I am going to start off really honest here...the idea for this blog did not come from me, but from a review of a book I just read...The After Wife, by Gigi Levangie Grazer. You might be familiar with her name, she wrote The Starter Wife, which was turned into a TV series. The protagonist in the present book, after suffering an unexpected trauma in her life, continually asks "why." "Why did this have to happen to me, to us?" until someone (or something) replies "why not you."
The truth is that I realized in twenty odd years of dealing with autism and all the comorbid, conjoining issues that go with it, I always asked "why."
"Why my child?"
"Why did everythign have to be so hard?"
"Why is there so much difficulty and so much pain?"
Well you get the picture. This, by the way, is not the same kind of "why" when trying to figure out if you are at fault, if your husband is at fault, if you both are at fault, if its something eaten, drunk, ingested or breathed that gave your child autism.
I am talking about quite honestly the very selfish kind of "why."
Truly, what makes any of us think we are immune to reality?
Are we better than someone else?
Are we more righteous than someone else?
Are we more deserving of a "typical" life than someone else?
So we are then left with the reality that if there is no true answer to "why mine," the alternative has to be well..."why not mine."
I think that our inability as a group to ask "why not," is the outgrowth of this entitlement society that we have come to know as western culture. We think that because we have modern medicine, technology, and in-door plumbing, that somehow, in someway, we are entitled to a life devoid of complications, trauma and angst. We decide that life has to be fair. That the issues we fear most in life, should happen to someone else. It can't happen to me, well, well, well.....well it just shouldn't.
Yes I know, there are people in this world that do deserve a bad life. The cruel and hurtful, (especially those who have been evil to your child), the dictators from hell itself...yes they should have trauma deep inside their bones, but that is not how things always work out. In fact, from my limited experience that is generally NOT how things tend to work itself out.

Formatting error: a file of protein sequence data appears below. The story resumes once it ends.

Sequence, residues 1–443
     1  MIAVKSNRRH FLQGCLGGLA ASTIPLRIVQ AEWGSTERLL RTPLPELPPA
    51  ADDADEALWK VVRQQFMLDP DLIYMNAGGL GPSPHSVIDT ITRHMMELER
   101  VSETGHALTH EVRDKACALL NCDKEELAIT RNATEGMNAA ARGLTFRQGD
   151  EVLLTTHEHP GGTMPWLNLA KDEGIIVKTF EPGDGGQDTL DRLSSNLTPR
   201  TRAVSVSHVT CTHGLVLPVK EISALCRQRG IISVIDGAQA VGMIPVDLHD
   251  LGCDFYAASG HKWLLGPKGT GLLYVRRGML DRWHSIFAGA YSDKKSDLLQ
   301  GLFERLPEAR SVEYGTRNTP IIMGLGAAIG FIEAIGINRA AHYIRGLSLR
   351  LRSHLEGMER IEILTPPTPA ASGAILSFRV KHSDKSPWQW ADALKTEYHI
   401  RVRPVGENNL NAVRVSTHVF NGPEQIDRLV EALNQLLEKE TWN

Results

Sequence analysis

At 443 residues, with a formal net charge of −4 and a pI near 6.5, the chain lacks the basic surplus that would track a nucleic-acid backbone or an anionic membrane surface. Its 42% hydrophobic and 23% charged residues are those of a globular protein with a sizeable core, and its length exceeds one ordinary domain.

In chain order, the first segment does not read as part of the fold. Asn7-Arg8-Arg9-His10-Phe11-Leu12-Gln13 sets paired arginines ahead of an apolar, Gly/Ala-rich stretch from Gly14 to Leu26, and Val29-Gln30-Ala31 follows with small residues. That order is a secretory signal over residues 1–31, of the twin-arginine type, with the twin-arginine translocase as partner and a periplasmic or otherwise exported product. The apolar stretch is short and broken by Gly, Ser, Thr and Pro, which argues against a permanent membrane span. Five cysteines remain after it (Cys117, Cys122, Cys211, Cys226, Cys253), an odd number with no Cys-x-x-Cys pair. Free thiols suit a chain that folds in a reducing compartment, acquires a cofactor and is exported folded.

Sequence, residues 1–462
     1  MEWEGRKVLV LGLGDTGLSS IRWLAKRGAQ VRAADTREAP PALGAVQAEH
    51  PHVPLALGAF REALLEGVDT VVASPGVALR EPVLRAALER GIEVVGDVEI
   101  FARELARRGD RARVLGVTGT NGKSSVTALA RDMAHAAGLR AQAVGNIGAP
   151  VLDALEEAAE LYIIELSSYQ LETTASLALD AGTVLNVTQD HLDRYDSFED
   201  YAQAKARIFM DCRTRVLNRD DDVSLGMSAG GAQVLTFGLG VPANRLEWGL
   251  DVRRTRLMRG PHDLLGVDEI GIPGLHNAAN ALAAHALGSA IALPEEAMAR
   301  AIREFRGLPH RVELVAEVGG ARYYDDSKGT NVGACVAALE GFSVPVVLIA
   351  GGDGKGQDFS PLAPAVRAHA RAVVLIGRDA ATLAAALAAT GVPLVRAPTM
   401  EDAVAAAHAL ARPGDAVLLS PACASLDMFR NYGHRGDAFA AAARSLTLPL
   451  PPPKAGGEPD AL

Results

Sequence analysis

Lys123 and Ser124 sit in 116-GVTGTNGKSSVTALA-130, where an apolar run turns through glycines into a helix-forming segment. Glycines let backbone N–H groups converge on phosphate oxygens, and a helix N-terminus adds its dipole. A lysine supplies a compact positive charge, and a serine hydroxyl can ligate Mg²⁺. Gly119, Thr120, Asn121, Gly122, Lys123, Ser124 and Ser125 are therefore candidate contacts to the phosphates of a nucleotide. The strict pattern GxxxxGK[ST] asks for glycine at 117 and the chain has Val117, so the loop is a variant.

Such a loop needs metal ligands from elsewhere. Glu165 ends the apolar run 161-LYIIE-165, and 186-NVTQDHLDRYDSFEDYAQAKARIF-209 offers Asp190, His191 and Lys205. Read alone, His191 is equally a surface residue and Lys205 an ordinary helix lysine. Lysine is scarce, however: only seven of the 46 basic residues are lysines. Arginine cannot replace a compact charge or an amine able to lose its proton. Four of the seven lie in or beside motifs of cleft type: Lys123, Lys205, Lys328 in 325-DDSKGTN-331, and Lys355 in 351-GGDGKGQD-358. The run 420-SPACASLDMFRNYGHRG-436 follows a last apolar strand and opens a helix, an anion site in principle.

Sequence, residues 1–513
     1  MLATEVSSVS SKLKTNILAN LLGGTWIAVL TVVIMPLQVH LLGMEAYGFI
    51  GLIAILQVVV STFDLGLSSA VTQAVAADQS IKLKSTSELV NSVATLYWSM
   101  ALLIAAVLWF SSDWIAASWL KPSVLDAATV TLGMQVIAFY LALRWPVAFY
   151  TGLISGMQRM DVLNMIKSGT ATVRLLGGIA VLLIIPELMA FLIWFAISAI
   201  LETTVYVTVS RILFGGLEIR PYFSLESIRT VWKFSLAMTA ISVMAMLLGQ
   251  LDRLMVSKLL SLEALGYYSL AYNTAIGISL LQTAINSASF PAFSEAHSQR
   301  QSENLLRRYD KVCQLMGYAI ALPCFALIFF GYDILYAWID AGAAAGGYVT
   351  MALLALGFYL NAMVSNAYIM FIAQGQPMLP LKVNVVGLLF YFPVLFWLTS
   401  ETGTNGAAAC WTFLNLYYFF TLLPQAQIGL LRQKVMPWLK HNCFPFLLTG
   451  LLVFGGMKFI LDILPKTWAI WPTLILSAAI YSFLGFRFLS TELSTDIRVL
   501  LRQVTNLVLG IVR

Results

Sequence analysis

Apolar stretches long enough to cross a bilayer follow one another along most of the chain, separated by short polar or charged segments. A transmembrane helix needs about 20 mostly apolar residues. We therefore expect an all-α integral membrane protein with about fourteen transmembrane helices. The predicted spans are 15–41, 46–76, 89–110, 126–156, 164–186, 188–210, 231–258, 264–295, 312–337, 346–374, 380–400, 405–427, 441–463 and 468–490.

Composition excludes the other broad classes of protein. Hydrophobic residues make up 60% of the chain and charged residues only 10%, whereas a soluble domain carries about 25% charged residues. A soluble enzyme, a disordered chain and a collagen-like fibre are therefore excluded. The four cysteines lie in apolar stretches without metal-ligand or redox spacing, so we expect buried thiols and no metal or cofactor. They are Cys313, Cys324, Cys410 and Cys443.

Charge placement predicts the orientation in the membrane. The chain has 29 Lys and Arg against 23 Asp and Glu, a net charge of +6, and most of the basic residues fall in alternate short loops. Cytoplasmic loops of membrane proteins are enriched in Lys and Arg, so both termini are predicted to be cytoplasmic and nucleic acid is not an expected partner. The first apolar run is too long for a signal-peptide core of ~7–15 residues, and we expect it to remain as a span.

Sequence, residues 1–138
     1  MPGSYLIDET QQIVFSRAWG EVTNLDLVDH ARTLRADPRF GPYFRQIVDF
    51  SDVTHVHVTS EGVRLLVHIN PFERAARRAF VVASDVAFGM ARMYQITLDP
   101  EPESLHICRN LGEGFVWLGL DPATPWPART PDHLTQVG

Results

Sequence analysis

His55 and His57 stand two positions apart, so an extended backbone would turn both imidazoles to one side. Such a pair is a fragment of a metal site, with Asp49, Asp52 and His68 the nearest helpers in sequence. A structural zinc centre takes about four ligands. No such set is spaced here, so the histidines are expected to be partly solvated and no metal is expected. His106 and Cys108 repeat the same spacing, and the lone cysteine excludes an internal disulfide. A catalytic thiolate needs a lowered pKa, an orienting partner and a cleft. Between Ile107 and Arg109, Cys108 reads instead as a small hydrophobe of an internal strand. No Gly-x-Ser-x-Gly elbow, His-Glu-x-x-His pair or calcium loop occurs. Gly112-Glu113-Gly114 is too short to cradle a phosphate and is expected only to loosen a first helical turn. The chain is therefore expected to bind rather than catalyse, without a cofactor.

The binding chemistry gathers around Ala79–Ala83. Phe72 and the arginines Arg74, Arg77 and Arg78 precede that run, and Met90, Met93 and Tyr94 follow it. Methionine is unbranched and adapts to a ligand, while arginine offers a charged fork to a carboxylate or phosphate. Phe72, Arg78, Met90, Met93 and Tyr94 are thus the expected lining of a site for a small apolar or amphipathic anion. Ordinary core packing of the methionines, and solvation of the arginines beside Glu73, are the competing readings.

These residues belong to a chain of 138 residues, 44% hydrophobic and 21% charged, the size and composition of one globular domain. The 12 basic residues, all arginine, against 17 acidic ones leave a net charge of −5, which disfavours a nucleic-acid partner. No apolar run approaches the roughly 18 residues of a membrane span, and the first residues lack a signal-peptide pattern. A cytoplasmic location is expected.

I suppose this is when we need to show our metal as human beings. Sartre said that "we are our choices." I agree with that. But I add on a bit from him...it is also how we handle the cosequences of our choices and the "curve-balls" that life throws our way that decides if you live a good life or a very poor one. You can live up to the challenge or live life a shell of a person-angry, bitter and hateful.
I acknowledge that there are plenty out there that do this so much better than I ever could...
The woman I met on the train one day years ago, who on the anniversary of her daughter's death from breast cancer, was going into Memorial Sloan Kettering to counsel and help parents of newly diagnosed children. HERE
The parents of a young teenager murdered in a Palestinian terrorist attack in Jerusalem, who started a foundation for disabled children in their daughters name..opened to all- no political questions asked...HERE
Once you get to the point that you recognize that you are NOT entitled to anything in this world, except the chance to try to make this place a better one for everyone you come in contact with, will you then understand your true worth and value as a human being. You will also be able to answer the question "Why not..."
Meanwhile, I just ran into one of the boys' paras from public school. She told me that her 15-year-old nephew is dying of bone cancer. Now this is when you need to ask "WHY," in that very selfish, human sort-of-way. Warning....don't whine to me today about nonsensical crap.
Until next time,
Read: Daily Gratitude Without the Drama